June 22, 2003
June 22, 2003
June 25, 2003
8.1080.1 - 8.1080.20
Teaching Reflective Skills in an Engineering Course David Socha†§, Valentin Razmov§, Elizabeth Davis † Center for Urban Simulation and Policy Analysis § Department of Computer Science & Engineering University of Washington
One of the most effective tools for lifelong learning is the ability to reflect and learn from experience. Reflection helps to clarify our understanding of the world and to create new distinctions and possibilities for the future. It is a way of creating intention. By putting attention on the perception of what has happened and what one wants to achieve, solutions to problems emerge more easily. We believe reflective skills are among the main characteristics that distinguish excellent engineers from merely good ones. This makes these skills important to teach.
This paper describes a set of reflective practices that we implemented in a 9-week course in software engineering at the junior undergraduate level. These techniques, many of them borrowed from professional leadership training programs, include individual, team, and project practices such as retrospectives (e.g., “What went well and what didn’t?”), informal chats with guest experts (e.g., “Do they really do it that way in industry?”), workshop simulations (e.g., “How do we decide when to ship a product?”), journaling, and some unusual activities (e.g., “Draw a picture of your team”). To gauge student progress we also used weekly reflective writing assignments as well as reflective questions on the take-home final exam. All of these techniques were well received by the students, as evidenced by anonymous, detailed end-of- course evaluations, as well as by feedback many students voluntarily provided four months after the course. Many have continued using several of the techniques after the course. The experience of applying reflective practices appears to have influenced a number of the students into viewing their project, careers, social interactions, and life choices in a different, more positive light.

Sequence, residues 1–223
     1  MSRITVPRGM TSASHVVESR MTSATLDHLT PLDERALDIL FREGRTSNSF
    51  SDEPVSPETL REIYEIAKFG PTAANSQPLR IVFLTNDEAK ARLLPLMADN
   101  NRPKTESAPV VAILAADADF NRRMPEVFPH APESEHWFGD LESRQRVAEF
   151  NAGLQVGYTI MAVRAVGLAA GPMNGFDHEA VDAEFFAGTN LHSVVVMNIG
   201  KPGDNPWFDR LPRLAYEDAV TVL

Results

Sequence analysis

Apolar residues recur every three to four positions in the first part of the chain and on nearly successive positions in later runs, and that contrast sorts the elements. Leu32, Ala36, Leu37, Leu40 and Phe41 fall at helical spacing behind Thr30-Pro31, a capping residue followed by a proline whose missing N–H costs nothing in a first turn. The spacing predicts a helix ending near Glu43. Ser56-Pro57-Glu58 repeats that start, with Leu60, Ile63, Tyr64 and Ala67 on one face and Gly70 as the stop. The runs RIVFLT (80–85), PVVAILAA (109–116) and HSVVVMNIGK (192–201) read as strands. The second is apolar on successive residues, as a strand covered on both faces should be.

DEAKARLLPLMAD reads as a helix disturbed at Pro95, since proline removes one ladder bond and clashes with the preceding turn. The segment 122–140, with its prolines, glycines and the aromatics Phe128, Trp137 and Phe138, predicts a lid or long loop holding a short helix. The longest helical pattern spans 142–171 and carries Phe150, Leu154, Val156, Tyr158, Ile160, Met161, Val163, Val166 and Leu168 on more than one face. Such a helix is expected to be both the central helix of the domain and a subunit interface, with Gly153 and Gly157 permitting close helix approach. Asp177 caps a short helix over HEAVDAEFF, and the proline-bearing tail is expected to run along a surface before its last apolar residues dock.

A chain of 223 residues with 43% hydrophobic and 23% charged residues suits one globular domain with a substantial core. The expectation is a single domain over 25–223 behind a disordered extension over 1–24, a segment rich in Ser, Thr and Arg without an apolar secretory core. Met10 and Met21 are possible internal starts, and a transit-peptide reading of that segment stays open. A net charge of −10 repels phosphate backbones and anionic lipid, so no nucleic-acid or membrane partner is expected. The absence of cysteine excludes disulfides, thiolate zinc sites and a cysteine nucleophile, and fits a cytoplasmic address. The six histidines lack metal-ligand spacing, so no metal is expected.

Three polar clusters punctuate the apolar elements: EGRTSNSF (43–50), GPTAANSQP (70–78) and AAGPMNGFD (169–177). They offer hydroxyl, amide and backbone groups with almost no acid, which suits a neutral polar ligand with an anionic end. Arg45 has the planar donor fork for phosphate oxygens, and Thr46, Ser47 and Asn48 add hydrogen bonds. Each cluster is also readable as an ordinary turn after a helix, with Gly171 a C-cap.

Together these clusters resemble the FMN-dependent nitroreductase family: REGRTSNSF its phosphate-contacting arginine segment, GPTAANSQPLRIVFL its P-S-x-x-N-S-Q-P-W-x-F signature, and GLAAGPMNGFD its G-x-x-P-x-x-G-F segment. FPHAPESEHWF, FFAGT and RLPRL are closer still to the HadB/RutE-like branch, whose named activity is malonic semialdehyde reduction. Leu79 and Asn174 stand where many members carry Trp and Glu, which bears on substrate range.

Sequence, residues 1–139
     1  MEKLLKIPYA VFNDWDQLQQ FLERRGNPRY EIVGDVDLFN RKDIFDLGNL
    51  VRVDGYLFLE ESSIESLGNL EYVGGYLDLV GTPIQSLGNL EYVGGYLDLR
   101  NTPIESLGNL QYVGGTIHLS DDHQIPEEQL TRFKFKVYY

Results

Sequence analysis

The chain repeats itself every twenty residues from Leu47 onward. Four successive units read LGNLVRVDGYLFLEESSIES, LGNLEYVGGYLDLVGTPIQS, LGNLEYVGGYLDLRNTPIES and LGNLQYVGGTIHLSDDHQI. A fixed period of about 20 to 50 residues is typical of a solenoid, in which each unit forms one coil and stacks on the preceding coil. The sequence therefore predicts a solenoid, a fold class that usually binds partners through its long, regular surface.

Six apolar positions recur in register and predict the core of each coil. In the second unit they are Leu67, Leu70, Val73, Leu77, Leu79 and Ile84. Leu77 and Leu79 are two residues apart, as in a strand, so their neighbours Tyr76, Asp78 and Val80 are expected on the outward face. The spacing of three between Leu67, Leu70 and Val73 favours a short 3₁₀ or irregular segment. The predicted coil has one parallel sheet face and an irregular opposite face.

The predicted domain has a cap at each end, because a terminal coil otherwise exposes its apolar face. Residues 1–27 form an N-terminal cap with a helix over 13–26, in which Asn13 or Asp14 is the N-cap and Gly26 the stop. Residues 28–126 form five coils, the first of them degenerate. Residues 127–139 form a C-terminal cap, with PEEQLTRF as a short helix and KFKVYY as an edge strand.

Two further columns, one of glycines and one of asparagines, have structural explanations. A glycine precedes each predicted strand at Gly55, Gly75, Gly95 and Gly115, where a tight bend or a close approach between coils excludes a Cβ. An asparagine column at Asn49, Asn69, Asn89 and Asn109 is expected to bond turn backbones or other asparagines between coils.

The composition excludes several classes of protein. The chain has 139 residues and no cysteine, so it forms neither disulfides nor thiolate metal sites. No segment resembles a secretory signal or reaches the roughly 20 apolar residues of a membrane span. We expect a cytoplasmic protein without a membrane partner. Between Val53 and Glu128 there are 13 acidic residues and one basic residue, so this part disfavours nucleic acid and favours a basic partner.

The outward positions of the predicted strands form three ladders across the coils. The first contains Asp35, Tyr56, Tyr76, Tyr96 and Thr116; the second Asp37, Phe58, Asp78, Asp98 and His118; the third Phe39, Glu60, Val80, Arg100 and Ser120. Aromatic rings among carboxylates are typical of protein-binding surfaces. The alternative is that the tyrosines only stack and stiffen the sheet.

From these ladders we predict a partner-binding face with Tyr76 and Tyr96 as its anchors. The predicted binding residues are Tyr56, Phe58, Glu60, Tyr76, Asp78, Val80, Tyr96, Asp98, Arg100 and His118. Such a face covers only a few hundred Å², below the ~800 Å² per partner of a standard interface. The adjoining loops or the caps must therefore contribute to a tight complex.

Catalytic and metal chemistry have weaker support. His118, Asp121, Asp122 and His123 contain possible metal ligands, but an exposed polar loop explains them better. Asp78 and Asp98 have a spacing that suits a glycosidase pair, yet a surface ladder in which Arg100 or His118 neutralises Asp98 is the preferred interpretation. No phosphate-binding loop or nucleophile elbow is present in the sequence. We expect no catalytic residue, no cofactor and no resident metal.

We believe the practices worked particularly well because we set up the course with ample opportunities for students to make mistakes – a fodder for reflection – and learn from them in a non-threatening (academic) environment. While we recommend the approach to engineering educators interested in teaching “soft skills,” we caution that to successfully apply it, one needs to be comfortable identifying and handling conflict that may emerge.
This paper describes a set of reflective practices that formed the backbone of a 9-week software engineering course at the junior undergraduate level. We report on our, and our students’, assessments of the effectiveness of these practices. The data were collected during the course, at the end of the course, and four months after the course.
Proceedings of the 2003 American Society for Engineering Education Annual Conference & Exposition Copyright © 2003, American Society for Engineering Education
Davis, E., & Socha, D., & Razmov, V. (2003, June), Teaching Reflective Skills In An Engineering Course Paper presented at 2003 Annual Conference, Nashville, Tennessee. https://peer.asee.org/11888
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